A spokesman for Orlando Sanford International Airport said it will also close at 4 p.m. Wednesday. “If passengers have travel scheduled through SFB, they should contact their airline,” Lauren Rowe said in an email. “The airport is asking that people not come to the airport. The airport is not a refuge.
Melbourne Orlando International Airport will close at 2:00 PM on Wednesday, but plans to reopen on Thursday night.
Nicole continues to gain strength, now with sustained winds of 100 km/h
The National Hurricane Center reported that the center of Tropical Storm Nicole was located near latitude 27.5 North, longitude 73.7 West. The phenomenon continues to move west near 10 mph (17 km/h).
Maximum sustained winds have increased to near 65 mph (100 km/h) with higher gusts. Additional strengthening is expected over the next day, and Nicole is forecast to become a hurricane on Wednesday when near the northwestern Bahamas, and continue to become a hurricane as it approaches the east coast of Florida.
Schools closed and partial evacuation order issued in Palm Beach County
In Palm Beach County, in the northern part of South Florida, a hurricane warning remains in effect, so local authorities have begun to prepare, while calling on the community to take the appropriate measures.
The county school district decided to suspend classes at all public schools on Wednesday and Thursday. Additionally, an evacuation of coastal neighborhoods and other vulnerable areas was announced.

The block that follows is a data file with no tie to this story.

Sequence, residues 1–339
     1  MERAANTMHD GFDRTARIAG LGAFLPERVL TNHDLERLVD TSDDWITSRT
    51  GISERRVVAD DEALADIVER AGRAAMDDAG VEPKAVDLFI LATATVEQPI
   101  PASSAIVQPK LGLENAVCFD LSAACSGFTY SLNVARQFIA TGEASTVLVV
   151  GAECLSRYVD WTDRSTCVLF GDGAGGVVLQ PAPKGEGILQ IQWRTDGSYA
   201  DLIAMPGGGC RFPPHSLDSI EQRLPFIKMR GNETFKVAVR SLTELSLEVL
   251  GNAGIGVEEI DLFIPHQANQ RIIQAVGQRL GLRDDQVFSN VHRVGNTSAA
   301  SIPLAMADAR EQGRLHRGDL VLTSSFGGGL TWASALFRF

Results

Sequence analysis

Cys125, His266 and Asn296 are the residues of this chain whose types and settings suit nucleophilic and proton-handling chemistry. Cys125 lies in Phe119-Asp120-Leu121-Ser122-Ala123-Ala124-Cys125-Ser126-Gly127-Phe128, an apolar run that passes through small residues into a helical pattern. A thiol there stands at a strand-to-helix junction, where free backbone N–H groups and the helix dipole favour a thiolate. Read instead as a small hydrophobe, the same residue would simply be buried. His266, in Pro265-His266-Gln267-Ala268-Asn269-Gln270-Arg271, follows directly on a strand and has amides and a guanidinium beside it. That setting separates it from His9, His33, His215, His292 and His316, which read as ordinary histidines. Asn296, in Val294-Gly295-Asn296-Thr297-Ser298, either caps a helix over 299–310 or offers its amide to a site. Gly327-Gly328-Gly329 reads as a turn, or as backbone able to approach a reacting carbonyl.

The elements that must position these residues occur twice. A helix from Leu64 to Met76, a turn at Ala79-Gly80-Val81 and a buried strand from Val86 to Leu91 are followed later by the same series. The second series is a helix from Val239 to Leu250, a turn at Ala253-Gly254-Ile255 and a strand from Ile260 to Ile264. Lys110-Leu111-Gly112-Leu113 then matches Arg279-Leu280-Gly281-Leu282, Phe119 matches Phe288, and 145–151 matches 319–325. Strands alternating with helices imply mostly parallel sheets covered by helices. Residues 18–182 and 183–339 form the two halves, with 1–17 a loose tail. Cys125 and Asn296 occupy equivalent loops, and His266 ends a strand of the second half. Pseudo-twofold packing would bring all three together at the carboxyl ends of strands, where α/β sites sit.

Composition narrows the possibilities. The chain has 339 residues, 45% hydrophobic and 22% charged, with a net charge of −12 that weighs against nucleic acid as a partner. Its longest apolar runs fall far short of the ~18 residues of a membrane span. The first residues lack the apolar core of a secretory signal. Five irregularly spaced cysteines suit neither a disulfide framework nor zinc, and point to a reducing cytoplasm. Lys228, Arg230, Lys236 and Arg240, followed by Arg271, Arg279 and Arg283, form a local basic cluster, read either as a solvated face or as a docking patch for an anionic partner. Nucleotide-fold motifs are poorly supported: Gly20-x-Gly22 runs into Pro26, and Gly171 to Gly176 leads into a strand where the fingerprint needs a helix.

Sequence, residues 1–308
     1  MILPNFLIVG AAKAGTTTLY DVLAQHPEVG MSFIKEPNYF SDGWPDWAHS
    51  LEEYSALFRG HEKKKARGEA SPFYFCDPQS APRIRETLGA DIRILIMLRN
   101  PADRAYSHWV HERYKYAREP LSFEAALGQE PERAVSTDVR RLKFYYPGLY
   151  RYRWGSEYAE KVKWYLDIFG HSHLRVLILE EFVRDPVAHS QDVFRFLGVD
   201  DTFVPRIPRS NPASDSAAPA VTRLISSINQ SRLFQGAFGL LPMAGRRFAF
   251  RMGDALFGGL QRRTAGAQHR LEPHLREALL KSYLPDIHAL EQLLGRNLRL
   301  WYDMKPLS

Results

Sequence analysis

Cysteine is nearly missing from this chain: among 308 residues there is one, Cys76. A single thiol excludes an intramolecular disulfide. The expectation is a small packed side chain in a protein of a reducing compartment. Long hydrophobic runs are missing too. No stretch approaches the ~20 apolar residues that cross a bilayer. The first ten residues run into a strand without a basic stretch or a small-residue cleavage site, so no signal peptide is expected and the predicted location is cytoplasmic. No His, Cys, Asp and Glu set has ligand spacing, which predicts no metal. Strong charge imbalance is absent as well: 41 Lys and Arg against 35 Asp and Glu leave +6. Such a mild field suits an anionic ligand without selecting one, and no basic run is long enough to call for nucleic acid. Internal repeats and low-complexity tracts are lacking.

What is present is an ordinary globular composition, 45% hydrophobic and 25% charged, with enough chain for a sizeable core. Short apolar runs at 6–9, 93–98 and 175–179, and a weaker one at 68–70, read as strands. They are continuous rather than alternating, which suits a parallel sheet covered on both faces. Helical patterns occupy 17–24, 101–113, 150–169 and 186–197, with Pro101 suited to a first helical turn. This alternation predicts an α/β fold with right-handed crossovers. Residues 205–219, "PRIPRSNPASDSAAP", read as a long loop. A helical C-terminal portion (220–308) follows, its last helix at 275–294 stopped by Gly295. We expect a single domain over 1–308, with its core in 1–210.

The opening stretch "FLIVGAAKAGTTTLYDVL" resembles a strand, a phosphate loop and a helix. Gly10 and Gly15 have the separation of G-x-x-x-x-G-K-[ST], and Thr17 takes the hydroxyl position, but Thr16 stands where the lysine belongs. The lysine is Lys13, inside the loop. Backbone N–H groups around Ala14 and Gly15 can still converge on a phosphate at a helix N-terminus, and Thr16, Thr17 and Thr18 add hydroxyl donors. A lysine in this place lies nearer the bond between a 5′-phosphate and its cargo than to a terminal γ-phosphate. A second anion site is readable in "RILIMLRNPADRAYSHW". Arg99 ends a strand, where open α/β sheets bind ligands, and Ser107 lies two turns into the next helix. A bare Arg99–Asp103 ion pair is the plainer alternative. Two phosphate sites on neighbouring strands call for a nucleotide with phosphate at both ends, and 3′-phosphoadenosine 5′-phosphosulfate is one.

The county ordered the evacuation of Zones A and B, which include barrier islands, low-lying areas and mobile home communities, County Mayor Robert Weinroth told a news conference. He also announced that several shelters will open Wednesday at 7:00 AM in seven schools.
The biggest concern in a meteorological event like this is flooding, and for this reason the management of water management in South Florida has already started taking forecasts since last weekend.
The county has more than 2,100 miles (3,380 km) of canals and more than 900 water control structures. South Florida water management spokesman Randy Smith told Telemundo 51 that “we have the channels in what we call the ‘ultra low’ range, that’s a technical term that means we take out as much water as possible before hurt the canal bank, and what it does is allow us to have enormous capacity, probably more than we need, we hope”.
Nicole gets stronger as she gets closer to Florida
The National Hurricane Center reported that the center of Tropical Storm Nicole was about 310 miles (500 km) northeast of the northwestern Bahamas, and that it was moving west near 9 mp3 (15 km/h). On the forecast track, the center of Nicole will approach the northwestern Bahamas tonight, move near or over those islands on Wednesday, and approach the east coast of Florida within the hurricane warning area on Wednesday night.
Maximum sustained winds have increased to near 60 mph (95 km/h) with higher gusts. Strengthening is expected over the next several days, with Nicole forecast to become a hurricane on Wednesday when near the northwestern Bahamas, and remain a hurricane as it approaches the east coast of Florida. Nicole is a large tropical cyclone with tropical storm-force winds extending outward up to 380 miles (610 km) from the center.
Orlando braces for Nicole, but Ian-like flooding not expected